Jan25

WERNER SOLLORS, African American Writing: A Literary Approach (Philadelphia, PA: Temple U P, 2016), 296 pp.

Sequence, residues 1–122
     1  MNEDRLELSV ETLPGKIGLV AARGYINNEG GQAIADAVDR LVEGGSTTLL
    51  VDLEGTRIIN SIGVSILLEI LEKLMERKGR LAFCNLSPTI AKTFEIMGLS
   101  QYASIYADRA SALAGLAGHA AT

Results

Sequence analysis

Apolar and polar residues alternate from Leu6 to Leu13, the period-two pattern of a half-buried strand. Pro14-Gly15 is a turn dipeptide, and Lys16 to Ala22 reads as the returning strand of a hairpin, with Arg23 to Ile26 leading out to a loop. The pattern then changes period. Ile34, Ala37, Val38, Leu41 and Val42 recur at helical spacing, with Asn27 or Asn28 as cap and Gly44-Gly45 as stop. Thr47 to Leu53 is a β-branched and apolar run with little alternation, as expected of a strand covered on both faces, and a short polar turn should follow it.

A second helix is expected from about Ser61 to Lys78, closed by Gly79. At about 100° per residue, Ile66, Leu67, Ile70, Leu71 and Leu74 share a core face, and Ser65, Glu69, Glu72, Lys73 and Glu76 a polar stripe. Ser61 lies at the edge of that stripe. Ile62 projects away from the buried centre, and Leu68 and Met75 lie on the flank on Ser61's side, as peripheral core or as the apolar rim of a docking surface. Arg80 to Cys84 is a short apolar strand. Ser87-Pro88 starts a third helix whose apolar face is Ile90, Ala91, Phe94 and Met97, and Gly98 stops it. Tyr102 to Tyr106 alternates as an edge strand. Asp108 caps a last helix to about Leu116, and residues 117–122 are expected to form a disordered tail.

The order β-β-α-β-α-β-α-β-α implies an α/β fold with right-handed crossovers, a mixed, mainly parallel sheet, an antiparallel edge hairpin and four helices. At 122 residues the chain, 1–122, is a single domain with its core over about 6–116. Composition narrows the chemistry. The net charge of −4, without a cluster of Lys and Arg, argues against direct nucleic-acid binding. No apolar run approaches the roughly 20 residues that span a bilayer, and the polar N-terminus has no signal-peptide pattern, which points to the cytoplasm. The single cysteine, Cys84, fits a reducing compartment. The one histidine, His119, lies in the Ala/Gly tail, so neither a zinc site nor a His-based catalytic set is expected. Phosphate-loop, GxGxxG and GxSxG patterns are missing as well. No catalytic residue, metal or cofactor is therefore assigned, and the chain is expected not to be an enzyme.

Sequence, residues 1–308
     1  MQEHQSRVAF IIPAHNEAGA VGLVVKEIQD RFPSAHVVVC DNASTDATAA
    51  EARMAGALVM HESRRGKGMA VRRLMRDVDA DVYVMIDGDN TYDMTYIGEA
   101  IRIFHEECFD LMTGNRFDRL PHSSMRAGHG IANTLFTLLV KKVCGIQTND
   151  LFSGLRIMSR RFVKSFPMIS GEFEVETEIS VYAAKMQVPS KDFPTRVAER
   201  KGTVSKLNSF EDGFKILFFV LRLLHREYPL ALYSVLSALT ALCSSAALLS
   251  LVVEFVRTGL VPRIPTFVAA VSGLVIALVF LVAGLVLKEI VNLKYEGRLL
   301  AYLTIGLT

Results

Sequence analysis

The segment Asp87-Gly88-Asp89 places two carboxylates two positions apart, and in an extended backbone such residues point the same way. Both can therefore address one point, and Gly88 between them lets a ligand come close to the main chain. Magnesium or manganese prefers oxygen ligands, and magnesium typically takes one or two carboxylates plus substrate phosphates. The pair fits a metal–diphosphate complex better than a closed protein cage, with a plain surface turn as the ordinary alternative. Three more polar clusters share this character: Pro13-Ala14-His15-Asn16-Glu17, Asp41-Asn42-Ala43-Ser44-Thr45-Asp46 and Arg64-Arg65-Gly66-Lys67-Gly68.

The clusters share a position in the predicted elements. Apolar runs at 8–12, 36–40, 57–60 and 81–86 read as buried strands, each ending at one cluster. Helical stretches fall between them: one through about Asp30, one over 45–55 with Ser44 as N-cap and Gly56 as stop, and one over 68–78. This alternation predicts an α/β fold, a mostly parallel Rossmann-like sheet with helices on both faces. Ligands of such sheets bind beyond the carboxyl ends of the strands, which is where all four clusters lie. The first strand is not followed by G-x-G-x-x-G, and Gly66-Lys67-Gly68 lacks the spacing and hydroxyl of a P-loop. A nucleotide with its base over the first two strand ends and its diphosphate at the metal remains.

Werner Sollors, African American Writing: A Literary Approach (Philadelphia, PA: Temple U P, 2016), 296 pp. Amerikastudien/ American Studies, 62.3 African American Writing, Werner Sollors’s latest book, commands attention for a variety of reasons: as a compilation of previously published essays, it brings to light within the covers of one single book the astounding scope, learning, and depth of Sollors’s scholarship in the field at hand. AAW begins with an essay on eighteenth-century slave narrator Olaudah Equiano and ends two centuries later with a discussion of African American writing in the age of an Obama presidency. Some of the essays originally appeared as introductions to critical editions, such as the Norton critical edition of Equiano’s Interesting Narrative and Du Bois’s Autobiography by Oxford University Press; others were contributions to publications with rather limited circulation, as in the case of Sollors’s riveting account of African American intellectuals and Europe between the two World Wars, which was first published as part of a special issue of an academic series by the University of Tours (GRAAT) and dedicated to the late Michel Fabre. One essay, on LeRoi Jones’s Dutchman, was taken from Sollors’s first book Amiri Baraka/LeRoi Jones: The Quest for a “Populist Modernism” (1978), a pathbreaking study of Baraka’s metamorphosis from Beat to black poet based on Sollors’s dissertation at the Freie Universität Berlin; not only does this early monograph on Baraka stand out as a major achievement in the criticism of African American literature as ‘American’ literature, it also paved the way for the exceptional career of a German scholar of African American studies at two Ivy League universities, Columbia and Harvard.   Taken together, the twelve essays assembled here cover a large, impressive body of African American texts, both well and lesser known: from Olaudah Equiano’s Interesting Narrative and Charles Chesnutt’s plantation stories, to modernist novels such as Jean Toomer’s Cane, Zora Neale Hurston’s Their Eyes Were Watching God, and Richard Wright’s Native Son; from programmatic essays (by Wright and Hurston) and a discussion of the influence of anthropology and sociology on African American writing, to Du Bois’s ambiguous account of his visit to Germany in 1936 and, finally, a survey of contemporary black literary responses to the notion of interracial kinship and a post-racial society (both concepts have been widely discussed after Obama’s inauguration as the nation’s first black president). The essays also display Sollors’s unique approach to African American writing, i.e., his attempt to understand the text under scrutiny as part of a larger transnational American modernist tradition without eclipsing its ethnic cultural specificity. This tendency is particularly apparent in a chapter on Jean Toomer’s Cane, in...